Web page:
Critical Thinking in the Information Age Part 3: Life, the Twitterverse, and Everything

With the cavalcade of media stampeding into the lives of young people every day, what are the most valuable skills they need to learn to be able to successfully navigate all this information?  It seems logical that the more information a person has access to, the more informed they will be, but as we are seeing from the “internet generation” this may not be the case.

According to studies, 27% of teens get their news from social media.  This means that their friends’ Facebook posts and the tweets of celebrities are their primary source of information about the greater world around them.  This is not a sound method for information collection, as the amusing pictures of cats, short blurbs and 140 character messages that populate social media feeds do not give the sort of background information a person needs to fully understand our world, let alone any news worthy issue.  This is leading to a generation whose understanding of the world is based around what is popular, not what is important.  This flawed general knowledge and can lead to massively skewed world views.

For example (click here for actual link):

No disrespect to the Biebs, but in the grand scheme of things, Teddy Roosevelt, through the actions he took during his extraordinary life, has, and continues to have a bigger impact on the world.  Now, my gut really wants to say that the person in this conversation who has never heard of Teddy Roosevelt is not acing any IQ tests, but it is not fair to write them off as dumb.  He or she (but given the severity of Bieber-fever symptoms, probably she) is not necessarily stupid.  She is just not engaged in the world around her, which, honestly, for my money, is almost worse.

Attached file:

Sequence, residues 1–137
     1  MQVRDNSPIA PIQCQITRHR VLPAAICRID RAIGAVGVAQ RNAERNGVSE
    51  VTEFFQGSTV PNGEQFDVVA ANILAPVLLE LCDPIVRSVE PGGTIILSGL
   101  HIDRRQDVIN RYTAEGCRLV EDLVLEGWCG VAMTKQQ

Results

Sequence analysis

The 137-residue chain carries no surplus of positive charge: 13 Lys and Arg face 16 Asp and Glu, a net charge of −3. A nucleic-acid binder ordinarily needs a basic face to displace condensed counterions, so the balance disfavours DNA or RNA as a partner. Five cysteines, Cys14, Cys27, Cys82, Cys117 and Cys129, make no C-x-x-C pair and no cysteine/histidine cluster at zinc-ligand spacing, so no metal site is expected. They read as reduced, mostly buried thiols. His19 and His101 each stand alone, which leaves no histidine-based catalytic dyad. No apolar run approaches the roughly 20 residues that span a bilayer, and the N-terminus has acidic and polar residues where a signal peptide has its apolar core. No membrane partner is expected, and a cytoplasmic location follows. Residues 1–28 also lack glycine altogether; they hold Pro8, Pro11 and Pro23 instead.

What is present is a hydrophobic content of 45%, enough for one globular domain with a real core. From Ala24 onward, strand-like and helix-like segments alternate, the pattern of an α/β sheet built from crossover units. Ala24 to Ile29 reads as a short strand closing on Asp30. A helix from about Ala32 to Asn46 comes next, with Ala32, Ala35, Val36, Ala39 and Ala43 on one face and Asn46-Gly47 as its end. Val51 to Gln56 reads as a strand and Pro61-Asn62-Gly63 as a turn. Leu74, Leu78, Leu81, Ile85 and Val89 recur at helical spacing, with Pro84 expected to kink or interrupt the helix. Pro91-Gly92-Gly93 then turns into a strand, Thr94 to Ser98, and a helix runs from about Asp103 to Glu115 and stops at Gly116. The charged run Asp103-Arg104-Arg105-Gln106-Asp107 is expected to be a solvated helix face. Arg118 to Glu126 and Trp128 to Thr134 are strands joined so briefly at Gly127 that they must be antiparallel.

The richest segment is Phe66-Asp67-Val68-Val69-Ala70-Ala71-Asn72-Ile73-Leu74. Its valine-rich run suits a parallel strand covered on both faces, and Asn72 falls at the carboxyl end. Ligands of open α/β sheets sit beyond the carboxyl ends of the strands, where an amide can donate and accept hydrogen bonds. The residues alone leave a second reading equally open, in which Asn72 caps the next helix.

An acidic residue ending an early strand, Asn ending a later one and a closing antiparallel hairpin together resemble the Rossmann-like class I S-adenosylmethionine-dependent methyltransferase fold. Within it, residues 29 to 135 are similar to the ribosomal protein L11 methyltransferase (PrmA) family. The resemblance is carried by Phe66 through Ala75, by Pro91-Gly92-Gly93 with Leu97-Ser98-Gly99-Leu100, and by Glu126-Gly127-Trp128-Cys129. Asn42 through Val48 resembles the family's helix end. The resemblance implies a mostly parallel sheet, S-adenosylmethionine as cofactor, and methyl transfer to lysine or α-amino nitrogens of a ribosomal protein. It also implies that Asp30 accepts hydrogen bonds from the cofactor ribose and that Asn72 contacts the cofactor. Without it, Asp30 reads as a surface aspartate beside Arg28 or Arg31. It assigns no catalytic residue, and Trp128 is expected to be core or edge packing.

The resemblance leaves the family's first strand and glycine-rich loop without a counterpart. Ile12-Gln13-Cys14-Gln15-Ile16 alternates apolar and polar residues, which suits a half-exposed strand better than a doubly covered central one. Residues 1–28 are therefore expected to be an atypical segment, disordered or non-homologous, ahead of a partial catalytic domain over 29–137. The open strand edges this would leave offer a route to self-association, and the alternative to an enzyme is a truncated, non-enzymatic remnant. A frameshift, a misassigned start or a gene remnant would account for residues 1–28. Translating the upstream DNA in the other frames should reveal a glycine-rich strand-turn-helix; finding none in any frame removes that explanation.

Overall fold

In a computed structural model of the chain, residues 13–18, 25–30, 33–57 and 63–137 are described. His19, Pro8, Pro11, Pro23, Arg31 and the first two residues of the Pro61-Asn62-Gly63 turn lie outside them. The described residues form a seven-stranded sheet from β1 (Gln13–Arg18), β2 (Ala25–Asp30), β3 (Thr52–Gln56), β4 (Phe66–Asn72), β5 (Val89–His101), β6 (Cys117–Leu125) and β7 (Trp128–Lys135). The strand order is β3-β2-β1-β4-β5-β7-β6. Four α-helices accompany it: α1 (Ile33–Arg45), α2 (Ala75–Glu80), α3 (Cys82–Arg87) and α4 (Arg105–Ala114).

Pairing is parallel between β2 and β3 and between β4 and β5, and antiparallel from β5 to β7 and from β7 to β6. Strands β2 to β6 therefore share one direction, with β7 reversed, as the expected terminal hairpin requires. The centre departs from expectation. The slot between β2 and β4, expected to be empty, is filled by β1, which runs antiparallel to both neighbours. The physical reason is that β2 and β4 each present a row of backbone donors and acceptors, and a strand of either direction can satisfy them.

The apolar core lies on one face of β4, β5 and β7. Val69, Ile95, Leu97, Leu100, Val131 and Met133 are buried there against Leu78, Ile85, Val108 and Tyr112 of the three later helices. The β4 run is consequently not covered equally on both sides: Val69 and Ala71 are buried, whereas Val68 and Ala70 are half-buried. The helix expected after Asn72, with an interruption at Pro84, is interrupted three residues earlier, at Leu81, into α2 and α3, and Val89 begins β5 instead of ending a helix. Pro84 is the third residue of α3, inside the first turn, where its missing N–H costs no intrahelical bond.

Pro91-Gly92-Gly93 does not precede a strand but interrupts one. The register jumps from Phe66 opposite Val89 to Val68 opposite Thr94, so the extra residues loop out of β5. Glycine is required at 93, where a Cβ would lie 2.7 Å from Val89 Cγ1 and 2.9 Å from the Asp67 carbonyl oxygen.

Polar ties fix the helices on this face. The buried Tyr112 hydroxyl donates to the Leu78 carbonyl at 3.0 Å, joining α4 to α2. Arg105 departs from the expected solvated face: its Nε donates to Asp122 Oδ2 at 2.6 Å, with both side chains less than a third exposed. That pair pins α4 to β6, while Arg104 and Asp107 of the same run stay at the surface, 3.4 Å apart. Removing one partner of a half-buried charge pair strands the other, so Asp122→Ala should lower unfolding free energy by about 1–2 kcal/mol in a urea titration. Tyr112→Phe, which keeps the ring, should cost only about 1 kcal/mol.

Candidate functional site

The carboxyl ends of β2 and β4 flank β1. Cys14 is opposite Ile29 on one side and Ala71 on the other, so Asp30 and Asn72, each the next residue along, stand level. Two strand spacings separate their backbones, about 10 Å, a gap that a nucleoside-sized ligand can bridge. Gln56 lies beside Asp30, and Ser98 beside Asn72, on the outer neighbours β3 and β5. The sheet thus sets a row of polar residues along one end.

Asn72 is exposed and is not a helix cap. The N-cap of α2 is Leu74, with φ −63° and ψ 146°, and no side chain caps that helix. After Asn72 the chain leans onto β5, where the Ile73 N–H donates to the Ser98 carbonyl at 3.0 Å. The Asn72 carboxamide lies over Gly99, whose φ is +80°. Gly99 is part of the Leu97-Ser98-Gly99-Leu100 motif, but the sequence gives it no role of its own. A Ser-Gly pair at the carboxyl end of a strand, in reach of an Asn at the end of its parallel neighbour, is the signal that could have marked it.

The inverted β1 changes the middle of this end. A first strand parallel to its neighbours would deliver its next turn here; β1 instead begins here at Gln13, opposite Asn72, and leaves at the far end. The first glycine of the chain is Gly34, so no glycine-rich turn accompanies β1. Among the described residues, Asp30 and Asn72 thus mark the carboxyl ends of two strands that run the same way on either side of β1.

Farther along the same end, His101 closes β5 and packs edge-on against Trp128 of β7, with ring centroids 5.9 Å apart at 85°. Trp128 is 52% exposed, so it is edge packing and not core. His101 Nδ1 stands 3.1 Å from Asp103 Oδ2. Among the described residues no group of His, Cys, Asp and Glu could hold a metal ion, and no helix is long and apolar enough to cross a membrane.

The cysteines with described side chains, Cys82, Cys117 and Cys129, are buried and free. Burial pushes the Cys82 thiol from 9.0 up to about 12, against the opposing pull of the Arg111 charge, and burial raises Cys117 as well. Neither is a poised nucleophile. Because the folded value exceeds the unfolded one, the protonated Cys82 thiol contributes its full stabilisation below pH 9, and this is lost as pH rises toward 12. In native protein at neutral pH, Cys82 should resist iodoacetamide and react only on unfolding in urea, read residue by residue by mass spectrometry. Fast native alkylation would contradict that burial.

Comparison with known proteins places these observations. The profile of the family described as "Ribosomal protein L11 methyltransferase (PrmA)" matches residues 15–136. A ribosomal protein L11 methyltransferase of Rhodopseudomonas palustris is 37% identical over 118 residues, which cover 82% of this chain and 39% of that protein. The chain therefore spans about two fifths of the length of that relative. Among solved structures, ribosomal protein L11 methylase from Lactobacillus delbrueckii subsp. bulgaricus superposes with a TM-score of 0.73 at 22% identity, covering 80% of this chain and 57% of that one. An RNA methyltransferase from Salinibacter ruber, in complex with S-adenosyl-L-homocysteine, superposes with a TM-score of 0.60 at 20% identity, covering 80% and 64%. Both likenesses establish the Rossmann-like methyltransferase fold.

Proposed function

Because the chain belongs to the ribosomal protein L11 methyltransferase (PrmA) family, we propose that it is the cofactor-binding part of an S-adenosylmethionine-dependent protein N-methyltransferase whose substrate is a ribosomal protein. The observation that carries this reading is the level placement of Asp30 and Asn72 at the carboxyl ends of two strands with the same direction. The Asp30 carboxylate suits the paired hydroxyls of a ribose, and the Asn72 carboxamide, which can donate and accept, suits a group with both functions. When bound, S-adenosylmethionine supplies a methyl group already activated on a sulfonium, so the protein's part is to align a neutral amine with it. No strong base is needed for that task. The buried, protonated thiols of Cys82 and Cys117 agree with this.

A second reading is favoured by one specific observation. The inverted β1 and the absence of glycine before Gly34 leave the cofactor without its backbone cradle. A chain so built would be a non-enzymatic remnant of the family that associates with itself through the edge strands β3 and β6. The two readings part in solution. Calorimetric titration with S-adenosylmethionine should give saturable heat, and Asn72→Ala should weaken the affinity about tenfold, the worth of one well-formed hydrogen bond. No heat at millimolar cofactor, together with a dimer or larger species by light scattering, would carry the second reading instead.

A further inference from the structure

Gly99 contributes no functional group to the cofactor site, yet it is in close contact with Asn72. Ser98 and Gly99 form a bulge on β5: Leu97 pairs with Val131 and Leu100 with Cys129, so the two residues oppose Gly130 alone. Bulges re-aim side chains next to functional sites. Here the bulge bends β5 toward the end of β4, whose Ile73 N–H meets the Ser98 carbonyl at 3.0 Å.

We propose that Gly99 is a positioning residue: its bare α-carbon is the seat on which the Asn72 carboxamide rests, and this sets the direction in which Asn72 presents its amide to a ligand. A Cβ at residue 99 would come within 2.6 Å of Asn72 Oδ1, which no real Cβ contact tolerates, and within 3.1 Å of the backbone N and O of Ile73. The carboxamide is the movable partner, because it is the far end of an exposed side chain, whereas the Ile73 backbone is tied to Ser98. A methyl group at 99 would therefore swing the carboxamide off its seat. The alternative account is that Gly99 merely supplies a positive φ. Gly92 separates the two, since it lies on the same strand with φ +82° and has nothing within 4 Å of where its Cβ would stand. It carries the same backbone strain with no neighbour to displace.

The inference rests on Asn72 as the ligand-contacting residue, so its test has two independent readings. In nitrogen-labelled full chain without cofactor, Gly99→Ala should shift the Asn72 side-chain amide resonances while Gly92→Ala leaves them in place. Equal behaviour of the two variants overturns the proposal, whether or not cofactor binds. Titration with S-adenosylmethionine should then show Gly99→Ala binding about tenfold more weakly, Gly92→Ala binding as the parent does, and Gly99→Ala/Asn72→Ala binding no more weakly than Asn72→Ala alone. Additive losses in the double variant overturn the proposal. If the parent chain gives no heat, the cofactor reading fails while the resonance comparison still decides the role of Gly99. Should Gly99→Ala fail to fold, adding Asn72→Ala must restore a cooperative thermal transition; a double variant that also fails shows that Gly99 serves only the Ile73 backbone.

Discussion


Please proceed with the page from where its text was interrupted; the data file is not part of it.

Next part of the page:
Without a proper understanding of the world around her, how can she make informed decisions?  She gets the same opportunity to influence people’s opinions as every other internet user, and an equal say about her country’s direction in the voting booth.  As an educator, I feel like I have a responsibility to shape the next generations to be engaged and responsible citizens.  How can we do that if the primary news source for almost one third of that generation is… each other?

One of the goals of the 21st Century skills in education is to create a life-long love of learning in students.  I had the benefit of some wonderful teachers (not to mention parents and other adults in my life) who encouraged me to be inquisitive about the world around me.  We need to be doing the same for our students.  It is important to make them find out things about the world around them, but also to help them to see the inherent value in that knowledge so that they continue to learn and expand their horizons once they have moved on from formal education.

Once out of school, they should have the skills to be in charge of their own learning, and, hopefully, to get some enjoyment out of it, not just because it is fun (which it is), or because it will make them more interesting people (which it will), but because it is going to make them better citizens.  Making them better citizens helps them to make better decisions within their society, and to raise the level of their culture.

No pressure though.

Andrew Baxter is a Secondary School Teacher and Curriculum Specialist with Enable Education.  He gets all his news from the backs of cereal boxes. 

 


Information Age 3 Media Awareness 2 Media Literacy 2

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